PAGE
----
Day 62: The futility of exams 

I’ve complained about this concept a couple of times now, but the recently concluded mid semester examinations have reaffirmed the futility of the concept of examinations in my mind. It’s not a complete hatred for any form of evaluation, as it is for this specific form of summative assessments.

Especially for the Masters programs, and for courses like the Bachelor of Education, I believe it is counter-productive to expect the students to prove their learning or understanding through a 2 or 3 hour, written paper. Are we really expecting teachers, tasked with training students for the rest of their lives, to prove their qualities as a teacher by writing a 3 page essay? The problem is compounded when you are testing them on subjects like Philosophical bases of education, Child psychology, or Methods of teaching. Would you rather have me demonstrate a class using the Jurisprudential method of teaching, or would you have me write an essay on how to use it effectively? And how can you guarantee that my rote and repeat syntax of using that method is actually going to be effective when I eventually implement it in class?

Or, is that no longer the true purpose of these assessments? Are we testing if the students understand what has been taught well enough to put it to use in real-life, or are we simply testing if what was taught has been remembered by the students?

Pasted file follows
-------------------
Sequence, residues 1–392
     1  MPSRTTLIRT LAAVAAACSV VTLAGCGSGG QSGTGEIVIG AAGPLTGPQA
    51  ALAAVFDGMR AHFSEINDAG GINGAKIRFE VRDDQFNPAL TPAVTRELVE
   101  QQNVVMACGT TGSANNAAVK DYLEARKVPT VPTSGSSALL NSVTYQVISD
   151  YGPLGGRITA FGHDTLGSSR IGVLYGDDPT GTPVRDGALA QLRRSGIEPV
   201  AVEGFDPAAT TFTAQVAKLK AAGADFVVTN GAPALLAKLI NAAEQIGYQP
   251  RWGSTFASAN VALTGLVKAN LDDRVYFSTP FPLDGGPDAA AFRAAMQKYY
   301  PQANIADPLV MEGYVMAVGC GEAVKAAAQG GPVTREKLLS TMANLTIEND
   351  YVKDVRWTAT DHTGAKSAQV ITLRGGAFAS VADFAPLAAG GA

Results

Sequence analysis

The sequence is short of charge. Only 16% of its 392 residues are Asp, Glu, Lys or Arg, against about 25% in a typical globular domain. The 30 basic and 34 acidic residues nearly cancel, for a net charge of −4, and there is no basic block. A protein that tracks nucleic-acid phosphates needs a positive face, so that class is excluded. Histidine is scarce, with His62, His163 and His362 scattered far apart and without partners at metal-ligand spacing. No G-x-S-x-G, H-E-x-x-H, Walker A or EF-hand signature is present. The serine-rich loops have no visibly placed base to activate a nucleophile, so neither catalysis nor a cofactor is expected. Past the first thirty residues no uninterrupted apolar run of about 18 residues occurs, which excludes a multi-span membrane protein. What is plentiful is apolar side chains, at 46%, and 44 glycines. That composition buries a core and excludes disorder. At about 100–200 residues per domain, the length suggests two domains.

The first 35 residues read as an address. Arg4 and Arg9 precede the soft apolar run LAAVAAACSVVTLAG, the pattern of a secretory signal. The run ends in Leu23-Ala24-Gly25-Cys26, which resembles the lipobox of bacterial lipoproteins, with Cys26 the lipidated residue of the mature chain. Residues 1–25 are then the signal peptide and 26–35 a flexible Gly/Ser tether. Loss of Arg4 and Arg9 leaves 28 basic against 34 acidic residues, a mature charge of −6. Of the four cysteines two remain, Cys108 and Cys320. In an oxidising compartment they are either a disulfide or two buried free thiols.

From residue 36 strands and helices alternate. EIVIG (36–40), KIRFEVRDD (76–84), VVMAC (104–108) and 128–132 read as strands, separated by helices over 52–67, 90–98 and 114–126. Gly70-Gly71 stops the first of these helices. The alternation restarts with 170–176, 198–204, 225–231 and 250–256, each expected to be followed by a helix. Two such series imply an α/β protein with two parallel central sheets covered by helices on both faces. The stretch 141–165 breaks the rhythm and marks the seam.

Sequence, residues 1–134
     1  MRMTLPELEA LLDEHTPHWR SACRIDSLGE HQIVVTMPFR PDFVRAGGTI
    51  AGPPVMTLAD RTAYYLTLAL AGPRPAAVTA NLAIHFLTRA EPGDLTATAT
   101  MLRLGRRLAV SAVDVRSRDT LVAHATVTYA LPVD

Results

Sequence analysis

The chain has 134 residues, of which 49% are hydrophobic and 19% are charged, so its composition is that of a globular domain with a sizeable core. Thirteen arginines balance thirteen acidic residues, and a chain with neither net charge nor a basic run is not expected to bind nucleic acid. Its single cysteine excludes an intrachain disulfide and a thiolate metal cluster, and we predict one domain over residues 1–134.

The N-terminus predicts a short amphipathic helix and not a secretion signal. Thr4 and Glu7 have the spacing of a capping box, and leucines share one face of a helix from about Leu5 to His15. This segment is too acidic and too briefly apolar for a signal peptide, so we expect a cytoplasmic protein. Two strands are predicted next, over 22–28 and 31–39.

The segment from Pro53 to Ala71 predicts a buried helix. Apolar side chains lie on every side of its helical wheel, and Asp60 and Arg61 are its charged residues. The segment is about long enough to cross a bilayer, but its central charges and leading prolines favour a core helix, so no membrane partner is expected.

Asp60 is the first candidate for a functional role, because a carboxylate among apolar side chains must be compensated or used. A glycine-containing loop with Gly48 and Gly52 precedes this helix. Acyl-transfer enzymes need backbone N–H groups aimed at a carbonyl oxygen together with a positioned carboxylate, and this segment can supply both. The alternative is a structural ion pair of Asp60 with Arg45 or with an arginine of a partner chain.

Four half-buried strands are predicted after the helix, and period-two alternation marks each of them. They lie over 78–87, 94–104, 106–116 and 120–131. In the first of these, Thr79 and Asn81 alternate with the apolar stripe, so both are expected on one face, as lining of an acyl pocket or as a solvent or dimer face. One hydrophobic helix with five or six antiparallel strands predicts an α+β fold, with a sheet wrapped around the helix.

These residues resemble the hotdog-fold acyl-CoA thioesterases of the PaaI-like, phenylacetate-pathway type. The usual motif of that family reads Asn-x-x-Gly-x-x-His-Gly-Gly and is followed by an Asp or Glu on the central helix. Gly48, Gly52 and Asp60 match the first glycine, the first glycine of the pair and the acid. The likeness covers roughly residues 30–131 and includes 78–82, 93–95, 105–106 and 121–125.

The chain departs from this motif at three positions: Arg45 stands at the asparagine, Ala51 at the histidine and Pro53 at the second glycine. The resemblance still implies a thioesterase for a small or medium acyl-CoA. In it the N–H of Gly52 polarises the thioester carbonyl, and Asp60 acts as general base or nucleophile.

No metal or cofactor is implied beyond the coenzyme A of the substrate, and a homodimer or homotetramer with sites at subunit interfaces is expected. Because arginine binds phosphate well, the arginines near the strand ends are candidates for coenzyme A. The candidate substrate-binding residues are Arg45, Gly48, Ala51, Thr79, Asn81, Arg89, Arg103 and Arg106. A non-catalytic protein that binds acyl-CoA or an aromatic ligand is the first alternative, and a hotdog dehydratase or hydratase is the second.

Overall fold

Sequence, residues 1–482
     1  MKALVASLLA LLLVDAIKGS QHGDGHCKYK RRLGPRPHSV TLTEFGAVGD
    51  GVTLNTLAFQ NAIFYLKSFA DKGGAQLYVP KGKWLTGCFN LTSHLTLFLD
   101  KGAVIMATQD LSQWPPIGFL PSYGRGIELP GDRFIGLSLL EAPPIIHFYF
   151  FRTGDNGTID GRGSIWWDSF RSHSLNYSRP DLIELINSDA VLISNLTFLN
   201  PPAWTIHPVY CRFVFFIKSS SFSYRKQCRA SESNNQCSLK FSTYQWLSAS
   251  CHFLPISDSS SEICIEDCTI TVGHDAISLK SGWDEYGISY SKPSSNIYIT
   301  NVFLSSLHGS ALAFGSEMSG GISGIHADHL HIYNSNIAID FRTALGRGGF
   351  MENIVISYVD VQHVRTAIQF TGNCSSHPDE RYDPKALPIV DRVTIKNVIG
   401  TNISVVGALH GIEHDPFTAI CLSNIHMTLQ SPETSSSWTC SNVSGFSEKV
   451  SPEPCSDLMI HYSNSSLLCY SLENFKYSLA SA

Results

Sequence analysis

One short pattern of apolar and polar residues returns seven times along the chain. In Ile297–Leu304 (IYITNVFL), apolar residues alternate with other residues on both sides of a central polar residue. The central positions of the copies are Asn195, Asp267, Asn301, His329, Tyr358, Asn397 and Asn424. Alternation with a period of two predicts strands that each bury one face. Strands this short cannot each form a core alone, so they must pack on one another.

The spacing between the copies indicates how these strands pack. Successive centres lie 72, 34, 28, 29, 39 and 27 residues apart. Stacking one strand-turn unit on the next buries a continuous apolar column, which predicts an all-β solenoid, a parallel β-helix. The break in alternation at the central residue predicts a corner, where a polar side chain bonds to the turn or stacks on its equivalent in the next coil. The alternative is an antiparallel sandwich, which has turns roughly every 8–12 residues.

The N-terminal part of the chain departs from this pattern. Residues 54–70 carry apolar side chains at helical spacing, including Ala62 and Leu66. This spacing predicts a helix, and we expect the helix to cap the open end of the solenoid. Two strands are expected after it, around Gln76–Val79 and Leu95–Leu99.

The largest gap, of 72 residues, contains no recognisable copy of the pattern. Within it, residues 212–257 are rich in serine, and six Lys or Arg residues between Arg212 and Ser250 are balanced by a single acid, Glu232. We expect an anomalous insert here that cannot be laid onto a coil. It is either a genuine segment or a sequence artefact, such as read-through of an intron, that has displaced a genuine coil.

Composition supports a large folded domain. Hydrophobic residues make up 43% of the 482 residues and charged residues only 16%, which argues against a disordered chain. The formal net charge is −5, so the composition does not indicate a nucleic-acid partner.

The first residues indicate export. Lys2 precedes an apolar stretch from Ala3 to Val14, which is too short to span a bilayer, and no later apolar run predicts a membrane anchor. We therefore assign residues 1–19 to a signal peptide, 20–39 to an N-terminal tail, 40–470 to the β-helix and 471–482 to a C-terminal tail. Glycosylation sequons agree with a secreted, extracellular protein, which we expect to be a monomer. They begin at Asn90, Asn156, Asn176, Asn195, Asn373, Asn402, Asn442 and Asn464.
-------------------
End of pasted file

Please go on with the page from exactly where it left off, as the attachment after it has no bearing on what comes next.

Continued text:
As I argue about these flawed testing methods with my teachers and other educationists, a common complaint that I hear is the lack of time considering the number of students in class. How are we to objectively evaluate a class of 60 students, if not through a common set of questions for each? The answer is already in the system: Continuous Internal Assessments (CIA). The CIAs, at least in my Uni, are mis-interpreted to short, summative evaluations every other month. I hear some departments actually have class tests and quizzes as the CIA. In fact, our mid-semester exam is considered one of the three CIAs in a semester. Beats the entire purpose of calling it a CIA now, doesn’t it?

Instead of these half-assed approaches to CIAs, what we need is for class discussions, presentations and debates to be the core of the assessment. How well a student is able to rationalize a theory of philosophy to class, should tell the teacher how well they’ve understood the concept, and therefore how well they can create new knowledge out of it. Anybody can memorize the various steps to a curriculum development process three hours before the examination and repeat it in the paper. But how well a student can actually create a mock-curriculum based on a student-audience that you’ve provided to them will truly gauge how well they’ve internalized the steps to the process. From what I see around me, just being able to successfully participate in a flipped classroom is a great assessment of their learning.

The CIAs, at their core, address the issue about having not sufficient time to evaluate each student. As you provide different, small tasks to the students, and evaluate their performance in each of those small tasks, you will be able to build a complete picture of their learning over a period of time. By splitting your effort and evaluations into smaller, logical chunks, you are technically reducing the amount of energy spent on your front as well. And let’s not give up on a process, and pick a regressive technique like a written examination, because its convenient for the teacher. It’s after all child-centered education now, isn’t it?

Day 2: Exams, Attendance and Angry Birds

I’ve been hooked to Angry Birds 2 for a few months now. Something about flinging angry and slighted creatures at gentle, smiling beings reminds me of the world’s ways, I guess. It’s for that reaffirming strength that I keep going back to the game. That and the Arena.

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